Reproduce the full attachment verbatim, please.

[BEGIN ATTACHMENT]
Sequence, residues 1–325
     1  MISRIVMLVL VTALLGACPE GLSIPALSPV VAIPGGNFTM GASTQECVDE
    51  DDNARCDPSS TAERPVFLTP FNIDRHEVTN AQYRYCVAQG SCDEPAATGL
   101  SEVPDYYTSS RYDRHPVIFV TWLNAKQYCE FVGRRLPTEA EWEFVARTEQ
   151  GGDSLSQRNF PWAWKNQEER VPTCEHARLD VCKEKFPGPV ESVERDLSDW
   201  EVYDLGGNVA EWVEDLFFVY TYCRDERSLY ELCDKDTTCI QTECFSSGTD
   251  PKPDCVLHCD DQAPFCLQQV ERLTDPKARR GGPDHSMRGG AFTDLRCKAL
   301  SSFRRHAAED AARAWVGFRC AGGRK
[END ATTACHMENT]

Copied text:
Sequence, residues 1–325
     1  MISRIVMLVL VTALLGACPE GLSIPALSPV VAIPGGNFTM GASTQECVDE
    51  DDNARCDPSS TAERPVFLTP FNIDRHEVTN AQYRYCVAQG SCDEPAATGL
   101  SEVPDYYTSS RYDRHPVIFV TWLNAKQYCE FVGRRLPTEA EWEFVARTEQ
   151  GGDSLSQRNF PWAWKNQEER VPTCEHARLD VCKEKFPGPV ESVERDLSDW
   201  EVYDLGGNVA EWVEDLFFVY TYCRDERSLY ELCDKDTTCI QTECFSSGTD
   251  PKPDCVLHCD DQAPFCLQQV ERLTDPKARR GGPDHSMRGG AFTDLRCKAL
   301  SSFRRHAAED AARAWVGFRC AGGRK